There is a foam gluing strip along the entire fascia for the cardboard strips. This is to act as a sound barrier (I hope) and make it easier to remove the fascia if necessary. The plaster cloth will not come all the way to the fascia and caulking will be used to fill the small gap between the plaster cloth and the fascia.
This picture shows some of the cardboard webbing. The white line is a piece of foam board that will be a road going to a little cabin on the mountain.
This angle show the road a little better. I’ll do some hand-carved plaster rocks to integrate the tunnel and in other areas on the mountain. I just can’t stop carving!
The cardboard webbing work is about completed. Next I’ll add a layer of masking tape so I can “see” the profile better and make any adjustments. From there it will be getting plastered……..I mean plastering the mountain! Model railroading is such fun!!!
September 16, 2011 – The artist has completed the mural! Below is a painting of the lake area.
August 8, 2011 – After some careful consideration the cold hard truth hit me that I’m not going to be able to complete the alcove area before my October 15th open house on the Piedmont Pilgrimage. Accepting this fact I decided to change focus to try and install what I though would be pleasing for my visitors. Since I believe that fascia and a fascia curtain help define the area and give it a more finished look I’m going to concentrate on getting those items installed. I believe that I won’t have any problem getting this task completed. Here are some pictures of the progress the last few days:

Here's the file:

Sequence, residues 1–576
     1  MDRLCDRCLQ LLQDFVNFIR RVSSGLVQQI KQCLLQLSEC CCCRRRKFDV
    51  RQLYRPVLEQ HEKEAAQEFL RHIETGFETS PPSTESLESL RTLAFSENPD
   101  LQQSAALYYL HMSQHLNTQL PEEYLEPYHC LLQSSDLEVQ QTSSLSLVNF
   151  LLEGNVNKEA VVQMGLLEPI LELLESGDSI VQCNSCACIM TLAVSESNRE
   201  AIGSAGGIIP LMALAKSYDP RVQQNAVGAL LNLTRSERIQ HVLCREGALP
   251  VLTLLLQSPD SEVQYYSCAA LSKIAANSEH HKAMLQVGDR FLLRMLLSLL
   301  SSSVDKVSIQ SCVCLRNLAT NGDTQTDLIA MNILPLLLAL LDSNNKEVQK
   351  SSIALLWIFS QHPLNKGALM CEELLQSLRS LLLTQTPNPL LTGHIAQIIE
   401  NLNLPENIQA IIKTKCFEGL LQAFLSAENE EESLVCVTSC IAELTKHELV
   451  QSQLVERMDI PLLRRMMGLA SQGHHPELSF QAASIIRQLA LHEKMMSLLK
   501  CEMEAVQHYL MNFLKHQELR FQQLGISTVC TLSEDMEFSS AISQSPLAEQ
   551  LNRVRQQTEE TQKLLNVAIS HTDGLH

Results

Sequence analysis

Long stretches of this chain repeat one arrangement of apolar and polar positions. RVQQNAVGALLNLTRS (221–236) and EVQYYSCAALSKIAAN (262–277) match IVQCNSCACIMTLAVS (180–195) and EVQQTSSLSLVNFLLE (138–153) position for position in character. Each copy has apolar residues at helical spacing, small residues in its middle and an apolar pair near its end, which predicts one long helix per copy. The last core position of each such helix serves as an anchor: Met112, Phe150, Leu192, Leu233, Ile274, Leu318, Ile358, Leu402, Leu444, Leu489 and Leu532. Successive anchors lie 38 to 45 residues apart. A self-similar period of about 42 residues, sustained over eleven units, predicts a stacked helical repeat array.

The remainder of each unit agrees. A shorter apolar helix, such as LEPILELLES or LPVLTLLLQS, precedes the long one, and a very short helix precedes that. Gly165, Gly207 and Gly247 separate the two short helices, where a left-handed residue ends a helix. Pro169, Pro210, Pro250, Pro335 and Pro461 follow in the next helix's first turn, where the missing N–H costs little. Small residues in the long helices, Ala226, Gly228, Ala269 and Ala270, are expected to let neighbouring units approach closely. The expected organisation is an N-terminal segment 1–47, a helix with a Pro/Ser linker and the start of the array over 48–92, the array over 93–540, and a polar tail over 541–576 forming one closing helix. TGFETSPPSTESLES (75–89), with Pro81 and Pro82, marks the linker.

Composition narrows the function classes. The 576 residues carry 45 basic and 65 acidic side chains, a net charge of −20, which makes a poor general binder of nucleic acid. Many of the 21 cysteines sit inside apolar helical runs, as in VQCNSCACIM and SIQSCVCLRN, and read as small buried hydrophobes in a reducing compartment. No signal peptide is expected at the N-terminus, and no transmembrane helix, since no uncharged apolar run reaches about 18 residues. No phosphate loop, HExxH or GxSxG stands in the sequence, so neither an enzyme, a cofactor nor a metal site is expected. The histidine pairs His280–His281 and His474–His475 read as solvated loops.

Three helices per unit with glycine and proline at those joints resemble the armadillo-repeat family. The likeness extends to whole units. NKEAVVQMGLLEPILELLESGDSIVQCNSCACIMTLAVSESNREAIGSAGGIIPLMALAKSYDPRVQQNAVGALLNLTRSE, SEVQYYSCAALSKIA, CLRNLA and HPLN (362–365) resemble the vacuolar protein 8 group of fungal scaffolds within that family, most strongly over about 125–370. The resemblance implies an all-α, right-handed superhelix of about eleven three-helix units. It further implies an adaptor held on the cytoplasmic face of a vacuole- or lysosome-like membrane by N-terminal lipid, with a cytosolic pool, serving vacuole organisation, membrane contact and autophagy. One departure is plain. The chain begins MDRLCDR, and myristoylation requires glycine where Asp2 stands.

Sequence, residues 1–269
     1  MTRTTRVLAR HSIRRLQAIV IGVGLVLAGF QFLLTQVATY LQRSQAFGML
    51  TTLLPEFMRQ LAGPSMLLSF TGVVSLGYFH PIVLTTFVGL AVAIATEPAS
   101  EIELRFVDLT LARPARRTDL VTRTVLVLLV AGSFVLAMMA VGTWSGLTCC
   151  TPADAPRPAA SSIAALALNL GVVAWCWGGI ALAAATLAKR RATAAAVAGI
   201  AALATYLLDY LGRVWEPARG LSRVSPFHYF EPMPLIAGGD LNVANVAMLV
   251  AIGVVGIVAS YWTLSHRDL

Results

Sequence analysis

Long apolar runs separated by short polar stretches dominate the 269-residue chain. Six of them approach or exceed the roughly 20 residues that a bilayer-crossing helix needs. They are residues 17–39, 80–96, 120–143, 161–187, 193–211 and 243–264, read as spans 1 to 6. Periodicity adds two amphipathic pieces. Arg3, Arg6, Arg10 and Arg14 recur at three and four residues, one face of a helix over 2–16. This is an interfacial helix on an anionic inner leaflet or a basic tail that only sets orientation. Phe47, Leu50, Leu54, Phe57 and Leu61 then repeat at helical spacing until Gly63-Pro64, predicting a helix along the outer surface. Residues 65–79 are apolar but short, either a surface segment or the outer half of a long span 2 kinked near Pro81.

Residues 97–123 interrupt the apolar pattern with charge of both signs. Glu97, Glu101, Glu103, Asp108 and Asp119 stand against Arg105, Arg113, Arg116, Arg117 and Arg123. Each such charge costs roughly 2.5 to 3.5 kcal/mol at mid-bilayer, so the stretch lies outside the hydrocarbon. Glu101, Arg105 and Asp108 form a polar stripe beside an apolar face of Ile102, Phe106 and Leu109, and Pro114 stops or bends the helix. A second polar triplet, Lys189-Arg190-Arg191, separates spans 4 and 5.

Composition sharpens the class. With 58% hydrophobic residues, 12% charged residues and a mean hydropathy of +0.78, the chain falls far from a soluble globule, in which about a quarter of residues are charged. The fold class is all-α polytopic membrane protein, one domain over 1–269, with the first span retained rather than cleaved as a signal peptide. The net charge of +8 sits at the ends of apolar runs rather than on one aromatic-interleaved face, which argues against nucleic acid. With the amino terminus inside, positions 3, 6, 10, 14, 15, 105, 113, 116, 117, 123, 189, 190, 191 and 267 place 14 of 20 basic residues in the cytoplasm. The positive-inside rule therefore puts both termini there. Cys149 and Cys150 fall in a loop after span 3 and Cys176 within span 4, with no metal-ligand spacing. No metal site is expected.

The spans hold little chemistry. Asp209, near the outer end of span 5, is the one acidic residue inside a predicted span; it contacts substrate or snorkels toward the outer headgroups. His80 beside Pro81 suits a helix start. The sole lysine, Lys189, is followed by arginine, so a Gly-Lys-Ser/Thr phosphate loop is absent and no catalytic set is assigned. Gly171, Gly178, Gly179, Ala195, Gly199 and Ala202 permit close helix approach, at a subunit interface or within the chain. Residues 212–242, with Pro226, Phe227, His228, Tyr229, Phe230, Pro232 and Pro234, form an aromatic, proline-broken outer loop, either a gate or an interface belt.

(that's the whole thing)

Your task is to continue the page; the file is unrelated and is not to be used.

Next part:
The challenge with the fascia in this area is that there is a tunnel (8 ft long!) in the lower track that must be able to be accessed. The tunnel itself has three hinged doors that can be opened to remove any problems. Since the bench work is narrow in this area (20″) there isn’t room to reach up under the fascia to get in the tunnel doors (unless you are “Rubber Man”!) from underneath.
What’s with all of the seams in the fascia? There is a removable panel to allow access to the tunnel.
Here’s the fascia with the removable panel removed. It’s still under construction as I haven’t installed all of the magnets. There will also be a lower fixed board that will hang the fascia curtain as the curtain will remain in place when the access panel is removed. Any turnout controls or other goodies would be mounted in the upper fixed fascia.
I thought about saving the money on the magnets by not purchasing them and just screwing the access panel in place; however, Mr. Murphy would make sure that I had a bunch of “tunnel troubles” if I tried that. With the magnet mounted access panel it can be popped off in seconds and the tunnel cleared quickly.
July 24, 2011 – The artist has been busy and continues to advance on the mural in the alcove area. Here are some pictures as of 7-22-11:
This is a view of the left corner. It’s difficult to see the entire scene. She paints from the top to bottom, so this area is still under construction. Notice the subtle light and areas where the sun is hitting. I’m really liking her work!
July 21st, 2011 – Work continues at a snail’s pace on the back left corner as I’m working on the two structures there. I’ve just about finished the log cabin which is a kit from one of MRH’s sponsors RsLaserKits. The kit is very easy to assemble and was finished with a brown alcohol wash followed by a brown alcohol wash followed by some weathering powders. The “chinking” between the logs was done using a light gray. The kit doesn’t come with a foundation but I wanted to add some interesting detail so I cut pieces from a Chooch Enterprises Inc. random stone wall to form the foundation and steps.